WASHINGTON, DC—At the ACC.17 Scientific Session, researchers from Brigham and Women’s Hospital Heart & Vascular Center, Boston, MA, reported that cangrelor, a rapidly-acting, potent, reversible platelet P2Y12ADP antagonist, reduced early ischemic periprocedural complications without an increase in severe bleeding compared to clopidogrel in patients undergoing percutaneous coronary intervention (PCI) on a background of heparin.

During PCI, cangrelor is indicated for use with different intravenous (IV) anticoagulants. Lead author, Muthiah Vaduganathan, and coauthors studied the safety and efficacy of cangrelor in a subgroup of patients receiving unfractionated heparin for PCI in the modified intent-to-treat (mITT) population of the CHAMPION PHOENIX trial (n=10,939). 

“The primary efficacy endpoint was the composite of death, myocardial infarction, ischemia-driven revascularization, or stent thrombosis at 48h,” explained Vaduganathan. Stent thrombosis (ST) was the key secondary efficacy endpoint.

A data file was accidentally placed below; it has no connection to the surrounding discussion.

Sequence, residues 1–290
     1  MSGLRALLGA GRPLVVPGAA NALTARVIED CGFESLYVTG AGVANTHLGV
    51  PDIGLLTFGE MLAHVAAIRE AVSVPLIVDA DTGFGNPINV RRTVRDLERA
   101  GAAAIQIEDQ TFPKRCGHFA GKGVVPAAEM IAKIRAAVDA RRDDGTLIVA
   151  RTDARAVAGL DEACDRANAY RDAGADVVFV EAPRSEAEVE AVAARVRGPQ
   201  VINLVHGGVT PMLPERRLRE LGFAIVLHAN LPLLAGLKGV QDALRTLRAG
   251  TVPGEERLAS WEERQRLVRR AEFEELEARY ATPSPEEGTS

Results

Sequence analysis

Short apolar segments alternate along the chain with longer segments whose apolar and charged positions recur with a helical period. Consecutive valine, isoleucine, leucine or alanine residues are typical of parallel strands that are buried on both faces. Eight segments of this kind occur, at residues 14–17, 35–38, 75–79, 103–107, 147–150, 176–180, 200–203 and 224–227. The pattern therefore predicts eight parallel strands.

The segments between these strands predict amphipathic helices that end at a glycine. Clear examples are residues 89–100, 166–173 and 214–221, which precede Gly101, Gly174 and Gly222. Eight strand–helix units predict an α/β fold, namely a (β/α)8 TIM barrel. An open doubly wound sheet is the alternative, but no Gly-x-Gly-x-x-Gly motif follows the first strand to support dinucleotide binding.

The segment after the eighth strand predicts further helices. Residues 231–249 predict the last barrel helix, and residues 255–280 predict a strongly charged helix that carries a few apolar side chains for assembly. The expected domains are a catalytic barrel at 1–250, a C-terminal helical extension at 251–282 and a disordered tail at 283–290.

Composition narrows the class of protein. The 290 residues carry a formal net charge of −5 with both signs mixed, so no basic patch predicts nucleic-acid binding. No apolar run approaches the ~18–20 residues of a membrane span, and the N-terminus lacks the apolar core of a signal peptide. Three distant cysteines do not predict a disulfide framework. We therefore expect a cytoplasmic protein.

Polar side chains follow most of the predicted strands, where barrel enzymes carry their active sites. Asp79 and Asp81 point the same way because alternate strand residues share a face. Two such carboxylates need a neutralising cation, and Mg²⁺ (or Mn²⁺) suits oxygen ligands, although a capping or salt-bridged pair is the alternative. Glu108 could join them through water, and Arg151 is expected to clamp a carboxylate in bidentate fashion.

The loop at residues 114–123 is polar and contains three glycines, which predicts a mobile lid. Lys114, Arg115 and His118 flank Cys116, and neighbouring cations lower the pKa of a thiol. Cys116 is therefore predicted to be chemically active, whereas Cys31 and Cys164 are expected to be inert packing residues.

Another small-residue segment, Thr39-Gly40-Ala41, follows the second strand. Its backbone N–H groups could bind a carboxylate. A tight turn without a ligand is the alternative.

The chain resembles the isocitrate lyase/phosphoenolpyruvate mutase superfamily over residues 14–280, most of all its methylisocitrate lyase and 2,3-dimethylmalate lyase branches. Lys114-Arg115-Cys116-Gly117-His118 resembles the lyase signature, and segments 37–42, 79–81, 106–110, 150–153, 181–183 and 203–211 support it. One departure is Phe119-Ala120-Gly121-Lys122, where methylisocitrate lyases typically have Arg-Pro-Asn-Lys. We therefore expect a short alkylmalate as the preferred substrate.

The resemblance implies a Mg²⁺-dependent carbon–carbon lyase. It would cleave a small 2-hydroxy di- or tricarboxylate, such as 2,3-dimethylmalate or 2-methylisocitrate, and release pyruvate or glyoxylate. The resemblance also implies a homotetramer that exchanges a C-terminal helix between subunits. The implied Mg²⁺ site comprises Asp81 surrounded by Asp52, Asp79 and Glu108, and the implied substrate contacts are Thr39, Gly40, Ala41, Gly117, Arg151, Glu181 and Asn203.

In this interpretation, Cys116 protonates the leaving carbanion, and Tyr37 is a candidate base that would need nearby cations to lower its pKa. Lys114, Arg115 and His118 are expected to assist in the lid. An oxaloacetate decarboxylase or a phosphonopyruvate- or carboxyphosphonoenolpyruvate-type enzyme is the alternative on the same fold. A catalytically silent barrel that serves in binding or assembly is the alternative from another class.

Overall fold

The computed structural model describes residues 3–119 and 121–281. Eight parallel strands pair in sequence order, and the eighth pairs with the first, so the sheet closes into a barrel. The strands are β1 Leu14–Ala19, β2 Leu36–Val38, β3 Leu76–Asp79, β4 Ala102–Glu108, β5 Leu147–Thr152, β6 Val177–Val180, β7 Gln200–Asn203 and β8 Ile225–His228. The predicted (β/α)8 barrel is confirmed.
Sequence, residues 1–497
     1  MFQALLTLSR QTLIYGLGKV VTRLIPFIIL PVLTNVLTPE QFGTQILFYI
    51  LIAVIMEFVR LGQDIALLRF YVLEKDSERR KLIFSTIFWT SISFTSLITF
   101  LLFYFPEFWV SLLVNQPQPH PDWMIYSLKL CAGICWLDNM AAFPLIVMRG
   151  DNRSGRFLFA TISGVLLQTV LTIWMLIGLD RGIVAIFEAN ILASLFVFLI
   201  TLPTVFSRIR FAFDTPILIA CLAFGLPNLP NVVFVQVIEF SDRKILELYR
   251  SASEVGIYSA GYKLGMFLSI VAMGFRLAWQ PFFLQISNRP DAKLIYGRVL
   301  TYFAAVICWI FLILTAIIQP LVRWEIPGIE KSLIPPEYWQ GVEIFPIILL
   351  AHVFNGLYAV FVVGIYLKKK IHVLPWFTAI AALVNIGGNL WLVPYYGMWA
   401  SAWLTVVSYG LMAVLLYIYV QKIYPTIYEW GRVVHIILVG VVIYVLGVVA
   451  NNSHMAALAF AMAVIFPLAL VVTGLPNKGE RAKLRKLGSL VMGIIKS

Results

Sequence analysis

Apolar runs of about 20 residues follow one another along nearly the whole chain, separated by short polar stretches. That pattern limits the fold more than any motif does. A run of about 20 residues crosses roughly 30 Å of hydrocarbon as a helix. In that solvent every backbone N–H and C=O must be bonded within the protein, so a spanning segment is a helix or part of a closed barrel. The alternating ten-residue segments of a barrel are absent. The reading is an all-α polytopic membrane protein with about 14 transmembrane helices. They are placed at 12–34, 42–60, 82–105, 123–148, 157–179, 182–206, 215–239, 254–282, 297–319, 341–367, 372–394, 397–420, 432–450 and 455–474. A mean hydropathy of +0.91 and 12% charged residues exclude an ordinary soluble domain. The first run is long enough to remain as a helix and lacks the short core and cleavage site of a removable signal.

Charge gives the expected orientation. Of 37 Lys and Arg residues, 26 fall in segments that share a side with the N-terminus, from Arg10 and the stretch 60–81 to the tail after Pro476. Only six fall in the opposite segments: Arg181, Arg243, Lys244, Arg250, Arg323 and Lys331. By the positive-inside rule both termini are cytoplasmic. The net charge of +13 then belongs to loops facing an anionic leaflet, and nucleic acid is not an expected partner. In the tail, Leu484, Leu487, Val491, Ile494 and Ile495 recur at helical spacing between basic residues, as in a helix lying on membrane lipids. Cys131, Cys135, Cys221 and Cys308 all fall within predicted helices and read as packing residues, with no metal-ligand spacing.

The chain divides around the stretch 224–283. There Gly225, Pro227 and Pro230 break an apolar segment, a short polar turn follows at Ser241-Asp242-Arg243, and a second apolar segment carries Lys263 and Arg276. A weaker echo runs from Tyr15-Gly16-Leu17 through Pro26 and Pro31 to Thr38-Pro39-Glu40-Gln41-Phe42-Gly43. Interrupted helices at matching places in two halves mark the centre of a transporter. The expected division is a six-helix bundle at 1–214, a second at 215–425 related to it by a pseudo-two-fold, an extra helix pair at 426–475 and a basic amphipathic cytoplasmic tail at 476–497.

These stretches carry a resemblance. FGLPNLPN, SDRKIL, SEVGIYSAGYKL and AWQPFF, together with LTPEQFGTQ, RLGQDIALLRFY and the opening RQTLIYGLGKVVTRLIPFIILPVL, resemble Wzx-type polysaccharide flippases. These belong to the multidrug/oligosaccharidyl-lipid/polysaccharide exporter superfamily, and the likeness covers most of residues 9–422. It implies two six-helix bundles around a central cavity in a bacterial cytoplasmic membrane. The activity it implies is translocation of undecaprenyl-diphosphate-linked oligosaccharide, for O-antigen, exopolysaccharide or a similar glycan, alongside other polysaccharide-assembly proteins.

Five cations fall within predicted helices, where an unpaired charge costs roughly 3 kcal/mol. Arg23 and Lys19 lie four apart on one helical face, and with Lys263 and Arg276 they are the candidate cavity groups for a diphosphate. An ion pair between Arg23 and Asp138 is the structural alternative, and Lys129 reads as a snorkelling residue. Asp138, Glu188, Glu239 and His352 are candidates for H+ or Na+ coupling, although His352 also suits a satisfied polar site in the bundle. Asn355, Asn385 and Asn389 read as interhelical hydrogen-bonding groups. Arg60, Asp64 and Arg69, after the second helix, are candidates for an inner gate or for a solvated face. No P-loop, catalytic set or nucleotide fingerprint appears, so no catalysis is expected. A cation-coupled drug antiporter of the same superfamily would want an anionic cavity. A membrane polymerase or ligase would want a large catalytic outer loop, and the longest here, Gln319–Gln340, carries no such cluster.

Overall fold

Of the total studied patients, heparin was used in 69.2% (n=7,566) of patients. PCI was performed for stable angina (55.6%), non-ST elevation acute coronary syndrome (NSTE-ACS; 26.6%), or ST-elevation myocardial infarction (STEMI; 17.8%). 

Among patients in the unfractionated heparin group, cangrelor decreased the primary composite efficacy endpoint at 48h vs. clopidogrel (4.8% vs. 5.9%, odds ratio [OR] 0.80, 95% CI: 0.65–0.98; P=0.03). Cangrelor also consistently reduced ST at 48h (0.9% vs. 1.4%, OR 0.70, 95% CI: (0.45–1.07; P=0.10). 

No difference was seen in GUSTO severe/life-threatening bleeding vs. placebo (0.1% vs. 0.1%, OR 1.24, 95% CI: 0.33–4.61; P=0.75) or in requiring blood transfusion at 48h (0.4% vs. 0.2%, OR 1.87, 95% CI: 0.83–4.21; P=0.12). Vaduganathan added, “Results were consistent in stable angina, NSTE-ACS, and STEMI.”